Seating Options

Tip #2: The large table with banquette and chairs serves as a dining area when the couple entertains. The shorter side of the banquette has an extra-deep cushion, making the corner a cozy spot to recline and watch TV, read, or work on a laptop.

The project started with the demolition of the existing spaces—a 1970s-era kitchen that had been elevated a few steps higher than the adjoining dining area. “I’m not entirely sure why the kitchen was up a level,” muses D.C. architect Michael Rouse, who collaborated on the project with Cavin-Winfrey and kitchen designer Nadia Subaran. The new plan put the kitchen and dining area on the same level, with an island acting as a divider.

Punches of Pattern

Tip #3: Cabinets extend to the ceiling to maximize storage in the small space. Toile fabric and wire mesh inserts were added to the upper doors to lend charm and to break the monotony of a solid wall of cabinets.

Today, cream-colored cabinets brushed with a warm brown glaze introduce an elegance complementing the style of the home. “The cabinets have a nice character and depth, and they feel like they are part of the older sections of the house,” Cavin-Winfrey says.

Soft Touches

Tip #4: A toile shade with tassel trim from Robert Allen is a nod to tradition in the historic home. “The nice curve of the shade and the tassels and tails are sweet touches,” says designer Shazalynn Cavin-Winfrey.

To maximize storage in the small kitchen, she took the cabinets to the ceiling. Toile fabric and wire mesh inserts on the upper doors break the monotony of a wall of cabinets and add personal charm. “Carol loves history and toiles, so the toile was a nod to that traditional vibe,” explains the designer.

A coffered ceiling in keeping with the style of the house was added to the kitchen, lowering the 12-foot-high ceilings and creating an intimacy previously lacking in the rooms.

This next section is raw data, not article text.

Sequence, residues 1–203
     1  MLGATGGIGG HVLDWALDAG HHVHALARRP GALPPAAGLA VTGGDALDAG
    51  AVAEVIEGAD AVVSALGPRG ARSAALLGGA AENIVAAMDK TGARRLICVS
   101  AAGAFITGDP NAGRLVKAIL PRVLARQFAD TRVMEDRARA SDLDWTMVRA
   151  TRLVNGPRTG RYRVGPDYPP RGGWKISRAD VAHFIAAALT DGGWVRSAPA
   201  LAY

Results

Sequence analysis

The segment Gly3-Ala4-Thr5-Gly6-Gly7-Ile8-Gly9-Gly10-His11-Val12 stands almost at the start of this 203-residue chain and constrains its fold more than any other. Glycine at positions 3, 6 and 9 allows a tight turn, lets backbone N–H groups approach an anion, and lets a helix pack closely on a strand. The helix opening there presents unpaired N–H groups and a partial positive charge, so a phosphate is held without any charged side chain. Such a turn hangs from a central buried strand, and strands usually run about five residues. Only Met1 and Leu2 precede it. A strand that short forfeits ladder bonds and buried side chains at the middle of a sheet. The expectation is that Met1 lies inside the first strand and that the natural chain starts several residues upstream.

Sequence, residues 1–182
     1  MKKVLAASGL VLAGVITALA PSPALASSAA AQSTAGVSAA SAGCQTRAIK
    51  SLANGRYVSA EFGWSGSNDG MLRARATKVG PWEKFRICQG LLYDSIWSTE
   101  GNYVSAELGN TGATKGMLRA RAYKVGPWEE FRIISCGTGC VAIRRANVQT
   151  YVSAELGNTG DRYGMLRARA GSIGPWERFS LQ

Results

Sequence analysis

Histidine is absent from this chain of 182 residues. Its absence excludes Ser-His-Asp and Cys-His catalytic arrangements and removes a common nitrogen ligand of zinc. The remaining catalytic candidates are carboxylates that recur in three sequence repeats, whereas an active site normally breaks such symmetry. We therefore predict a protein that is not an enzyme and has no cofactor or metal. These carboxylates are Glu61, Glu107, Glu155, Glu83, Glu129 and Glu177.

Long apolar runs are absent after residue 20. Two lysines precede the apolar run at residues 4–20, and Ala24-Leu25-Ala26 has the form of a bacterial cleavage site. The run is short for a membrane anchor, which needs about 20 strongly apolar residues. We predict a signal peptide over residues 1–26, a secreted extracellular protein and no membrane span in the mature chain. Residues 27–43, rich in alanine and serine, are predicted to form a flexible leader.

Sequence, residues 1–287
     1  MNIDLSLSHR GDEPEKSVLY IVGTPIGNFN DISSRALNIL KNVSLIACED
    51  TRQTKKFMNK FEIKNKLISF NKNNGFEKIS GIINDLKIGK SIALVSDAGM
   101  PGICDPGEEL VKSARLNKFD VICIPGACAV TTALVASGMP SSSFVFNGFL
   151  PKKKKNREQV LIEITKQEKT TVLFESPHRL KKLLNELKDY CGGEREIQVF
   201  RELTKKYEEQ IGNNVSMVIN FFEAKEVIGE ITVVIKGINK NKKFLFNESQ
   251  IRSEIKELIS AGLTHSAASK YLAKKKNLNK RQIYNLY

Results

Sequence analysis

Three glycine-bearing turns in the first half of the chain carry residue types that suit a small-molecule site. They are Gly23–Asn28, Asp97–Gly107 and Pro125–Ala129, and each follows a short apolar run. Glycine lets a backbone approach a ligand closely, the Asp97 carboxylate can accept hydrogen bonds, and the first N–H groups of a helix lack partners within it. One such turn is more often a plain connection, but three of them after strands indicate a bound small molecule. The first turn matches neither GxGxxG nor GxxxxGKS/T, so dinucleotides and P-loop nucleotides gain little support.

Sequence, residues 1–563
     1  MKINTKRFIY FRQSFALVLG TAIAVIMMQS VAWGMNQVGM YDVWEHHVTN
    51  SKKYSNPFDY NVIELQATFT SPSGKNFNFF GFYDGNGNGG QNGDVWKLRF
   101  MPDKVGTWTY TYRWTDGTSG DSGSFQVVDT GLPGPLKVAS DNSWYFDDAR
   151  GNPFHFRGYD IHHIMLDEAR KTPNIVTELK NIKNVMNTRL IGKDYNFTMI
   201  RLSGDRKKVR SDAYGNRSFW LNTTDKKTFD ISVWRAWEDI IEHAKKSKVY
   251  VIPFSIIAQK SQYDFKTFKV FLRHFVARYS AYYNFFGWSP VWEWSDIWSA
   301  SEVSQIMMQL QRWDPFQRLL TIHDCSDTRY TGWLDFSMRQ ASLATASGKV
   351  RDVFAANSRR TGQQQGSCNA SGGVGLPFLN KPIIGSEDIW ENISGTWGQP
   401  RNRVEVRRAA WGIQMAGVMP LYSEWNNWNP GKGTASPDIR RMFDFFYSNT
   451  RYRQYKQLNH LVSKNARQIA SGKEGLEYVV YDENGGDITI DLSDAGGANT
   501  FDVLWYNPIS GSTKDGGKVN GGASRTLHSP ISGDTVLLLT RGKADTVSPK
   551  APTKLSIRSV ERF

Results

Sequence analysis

Wired Zones

Tip #5: Space-efficient built-in shelves store reading materials and are wired for plugging in computers and charging handheld devices. The back of the shelves is stained to complement the chocolate hues in the space.

“The new design enabled the kitchen and dining area to communicate spatially with one another,” says Rouse. “Our challenge was to create a formal space suitable for a dinner party, while also casual enough for everyday living.” A formal dining table and chairs were replaced with a comfortable corner banquette paired with a trestle table that seats up to eight people. One side of the banquette has an extra-deep bench seat—the perfect spot for watching TV or reading. 

A dining room china cabinet was replaced with space-efficient built-in shelves above the banquette. Two swing-arm sconces are mounted on the shelves to provide good light for reading and enhance the cozy intimacy of the corner. To make the area hardworking, electrical outlets were added for charging mobile devices.

Dual Functions

Tip #6: Sconces on swing arms provide task lighting for reading at the table and can be dimmed to add intimacy to the space for dining.